"Asteroid mining on a regular basis, such as terrestrial mining takes place today, with an established industry and an ecosystem of supporting services businesses for the mining companies, could start anywhere from 20 to 50 years is my personal opinion. But any industry must start somewhere, and I think we will see the first asteroid being mined 10 to 20 years from now, at which point the surrounding ecosystem will begin to grow," [J.L.] Galache said.

However, in order to successfully start asteroid mining, a few obstacles must first be overcome. One of these is insufficient knowledge about certain types of asteroids. Although our understanding of asteroids as a whole is advanced enough, gaining a better understanding of the nature of various types of near-Earth objects could be a critical factor in terms of success. Galache underlined that mining techniques will have to be tailored to specific types of asteroids. "For example, you will not send the same equipment to mine an iron-nickel asteroid as you would a carbonaceous asteroid, and you will not send the same equipment to mine a fine regolith-covered asteroid as a rubble pile. I do believe we have figured out what all the unknowns are and it is just a matter of finding answers and solutions to those unknowns," he noted.

NASA's Psyche mission will visit 16 Psyche, the most massive metallic M-type asteroid in the asteroid belt.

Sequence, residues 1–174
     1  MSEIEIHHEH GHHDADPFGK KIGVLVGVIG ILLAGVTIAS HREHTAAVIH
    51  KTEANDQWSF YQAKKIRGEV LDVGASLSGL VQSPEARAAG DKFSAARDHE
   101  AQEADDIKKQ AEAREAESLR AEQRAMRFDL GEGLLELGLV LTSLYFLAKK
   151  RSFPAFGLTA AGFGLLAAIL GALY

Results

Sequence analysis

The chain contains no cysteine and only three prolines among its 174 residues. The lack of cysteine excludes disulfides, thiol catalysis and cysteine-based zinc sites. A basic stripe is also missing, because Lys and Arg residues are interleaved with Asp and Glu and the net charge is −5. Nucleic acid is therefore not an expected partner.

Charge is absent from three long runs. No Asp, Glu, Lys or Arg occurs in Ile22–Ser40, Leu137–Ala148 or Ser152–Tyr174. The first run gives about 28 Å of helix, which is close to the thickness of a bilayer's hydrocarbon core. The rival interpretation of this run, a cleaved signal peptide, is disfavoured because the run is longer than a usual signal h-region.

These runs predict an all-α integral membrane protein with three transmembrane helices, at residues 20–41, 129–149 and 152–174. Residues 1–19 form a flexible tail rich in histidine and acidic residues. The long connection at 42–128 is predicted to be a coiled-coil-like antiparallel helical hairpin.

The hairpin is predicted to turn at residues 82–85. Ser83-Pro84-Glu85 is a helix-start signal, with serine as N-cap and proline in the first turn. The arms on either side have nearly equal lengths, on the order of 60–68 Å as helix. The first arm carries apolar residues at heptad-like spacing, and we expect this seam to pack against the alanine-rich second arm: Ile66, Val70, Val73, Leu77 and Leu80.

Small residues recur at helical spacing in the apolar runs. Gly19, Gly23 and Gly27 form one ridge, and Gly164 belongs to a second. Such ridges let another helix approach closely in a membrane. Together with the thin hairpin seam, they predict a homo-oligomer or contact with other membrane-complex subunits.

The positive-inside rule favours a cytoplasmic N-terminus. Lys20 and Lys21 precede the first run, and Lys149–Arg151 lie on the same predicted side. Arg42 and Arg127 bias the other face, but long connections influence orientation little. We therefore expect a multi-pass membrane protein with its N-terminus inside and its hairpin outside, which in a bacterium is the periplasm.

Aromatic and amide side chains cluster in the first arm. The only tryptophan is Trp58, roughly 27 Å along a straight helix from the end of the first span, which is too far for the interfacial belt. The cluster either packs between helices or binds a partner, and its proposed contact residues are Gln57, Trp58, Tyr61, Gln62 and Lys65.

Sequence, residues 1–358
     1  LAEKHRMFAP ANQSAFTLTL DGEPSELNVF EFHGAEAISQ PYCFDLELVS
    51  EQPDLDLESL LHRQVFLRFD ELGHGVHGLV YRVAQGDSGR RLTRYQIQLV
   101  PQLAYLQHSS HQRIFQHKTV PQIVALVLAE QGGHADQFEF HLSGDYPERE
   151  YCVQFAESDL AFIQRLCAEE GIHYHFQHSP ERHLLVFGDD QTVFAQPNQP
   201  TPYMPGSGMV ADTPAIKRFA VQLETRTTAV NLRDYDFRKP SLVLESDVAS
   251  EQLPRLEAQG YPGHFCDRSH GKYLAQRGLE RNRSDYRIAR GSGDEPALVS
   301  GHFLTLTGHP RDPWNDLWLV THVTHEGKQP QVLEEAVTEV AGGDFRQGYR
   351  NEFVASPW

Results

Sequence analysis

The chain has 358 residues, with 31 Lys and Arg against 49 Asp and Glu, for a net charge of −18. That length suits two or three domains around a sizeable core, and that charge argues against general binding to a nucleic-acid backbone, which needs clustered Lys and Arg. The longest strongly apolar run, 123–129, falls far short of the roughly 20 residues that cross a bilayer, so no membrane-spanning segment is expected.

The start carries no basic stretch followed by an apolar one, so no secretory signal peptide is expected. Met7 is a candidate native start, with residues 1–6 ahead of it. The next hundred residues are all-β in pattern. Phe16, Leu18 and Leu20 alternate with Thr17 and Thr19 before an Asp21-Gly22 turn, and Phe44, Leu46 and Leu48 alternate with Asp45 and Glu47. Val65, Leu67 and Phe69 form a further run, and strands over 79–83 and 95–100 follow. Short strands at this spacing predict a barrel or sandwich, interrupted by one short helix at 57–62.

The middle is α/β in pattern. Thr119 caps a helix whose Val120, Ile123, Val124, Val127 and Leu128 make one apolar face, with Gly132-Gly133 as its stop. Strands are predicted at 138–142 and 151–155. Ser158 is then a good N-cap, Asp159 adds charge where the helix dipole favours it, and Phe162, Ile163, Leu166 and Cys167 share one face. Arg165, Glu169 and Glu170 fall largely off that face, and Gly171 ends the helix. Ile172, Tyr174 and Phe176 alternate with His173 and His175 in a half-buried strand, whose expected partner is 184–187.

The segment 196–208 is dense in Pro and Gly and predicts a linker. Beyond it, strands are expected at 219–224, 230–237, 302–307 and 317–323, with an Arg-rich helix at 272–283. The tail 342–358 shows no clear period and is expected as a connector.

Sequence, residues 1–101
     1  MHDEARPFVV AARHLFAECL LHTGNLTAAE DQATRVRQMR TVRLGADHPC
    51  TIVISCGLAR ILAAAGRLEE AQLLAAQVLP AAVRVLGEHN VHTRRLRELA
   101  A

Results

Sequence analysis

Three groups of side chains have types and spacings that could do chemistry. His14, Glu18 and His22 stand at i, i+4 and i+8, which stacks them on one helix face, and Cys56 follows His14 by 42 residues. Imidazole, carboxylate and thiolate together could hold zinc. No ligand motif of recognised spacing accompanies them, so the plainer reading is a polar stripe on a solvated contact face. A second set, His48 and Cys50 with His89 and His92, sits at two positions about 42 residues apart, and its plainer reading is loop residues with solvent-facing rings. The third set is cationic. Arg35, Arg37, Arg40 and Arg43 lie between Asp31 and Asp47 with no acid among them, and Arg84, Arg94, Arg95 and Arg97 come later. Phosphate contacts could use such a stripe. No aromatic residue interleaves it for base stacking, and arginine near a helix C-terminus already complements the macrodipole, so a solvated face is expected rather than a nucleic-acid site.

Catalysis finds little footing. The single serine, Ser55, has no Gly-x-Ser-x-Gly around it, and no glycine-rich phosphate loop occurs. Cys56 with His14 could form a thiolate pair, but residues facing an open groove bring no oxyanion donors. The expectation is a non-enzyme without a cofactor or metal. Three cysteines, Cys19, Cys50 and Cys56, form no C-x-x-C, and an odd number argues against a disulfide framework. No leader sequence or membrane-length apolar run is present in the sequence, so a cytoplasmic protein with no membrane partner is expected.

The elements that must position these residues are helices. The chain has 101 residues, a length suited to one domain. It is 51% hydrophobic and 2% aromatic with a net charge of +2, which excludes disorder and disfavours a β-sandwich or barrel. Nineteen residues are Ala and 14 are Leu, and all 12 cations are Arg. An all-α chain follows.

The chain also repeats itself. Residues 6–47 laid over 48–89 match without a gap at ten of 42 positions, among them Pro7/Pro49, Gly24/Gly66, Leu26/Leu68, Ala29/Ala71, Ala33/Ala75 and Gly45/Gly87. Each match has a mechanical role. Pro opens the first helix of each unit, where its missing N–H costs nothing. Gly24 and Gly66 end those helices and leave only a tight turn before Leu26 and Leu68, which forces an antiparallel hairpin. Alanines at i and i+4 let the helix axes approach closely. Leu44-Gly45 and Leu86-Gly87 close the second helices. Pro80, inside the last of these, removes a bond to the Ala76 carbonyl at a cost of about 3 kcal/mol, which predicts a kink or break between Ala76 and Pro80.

Original Submission

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  • (Score: 2) by kaszz on Thursday May 25 2017, @02:18PM

    by kaszz (4211) on Thursday May 25 2017, @02:18PM (#515467) Journal

    Location:
    Psyche, an asteroid orbiting the sun between Mars and Jupiter. Rocket launch in 2022, arrival in 2026.

    Questions mission will answer:
    The mission team seeks to determine whether Psyche is the core of an early planet, how old it is, whether it formed in similar ways to Earth's core, and what its surface is like.

    Instruments that will be used:
    The spacecraft's instrument payload will include magnetometers, multispectral imagers, and a gamma ray and neutron spectrometer. To study topography, surface features, gravity, and magnetism.

    Will it run NetBSD? ;)

    (another interesting mission: Lucy [nasa.gov] to explore a trail of asteroids in Jupiters orbit)

  • (Score: 1) by kurenai.tsubasa on Thursday May 25 2017, @05:15PM (2 children)

    by kurenai.tsubasa (5227) on Thursday May 25 2017, @05:15PM (#515557) Journal

    “Metal Asteroid Psyche” sounded like it should be a film in the style of Heavy Metal [wikipedia.org], perhaps a stylized retelling of the myth.

    • (Score: 0) by Anonymous Coward on Thursday May 25 2017, @06:19PM (1 child)

      by Anonymous Coward on Thursday May 25 2017, @06:19PM (#515593)

      The last fragment of a once-living planet,
      its body blasted into dust
      by the madness of its own inhabitants,
      while its head was cursed to roam aimlessly through time and space,
      screaming in pain and sorrow.
      In legend and in fact, it is known as:
      Metal Hurlant. [wikipedia.org]

      • (Score: 0) by Anonymous Coward on Thursday May 25 2017, @06:23PM

        by Anonymous Coward on Thursday May 25 2017, @06:23PM (#515597)

        FWIW, Metal Hurlant Chronicles was rather unfairly ignored when it came out in 2014. If you overlooked it then, as I did, you should probably track down a copy online.
        While it's far from great, it's IMO definitely worth watching, if you like that sort of thing at all.

  • (Score: 0) by Anonymous Coward on Friday May 26 2017, @12:28PM

    by Anonymous Coward on Friday May 26 2017, @12:28PM (#515928)

    "Move up" means it will occur earlier. Push forward means it will occur later.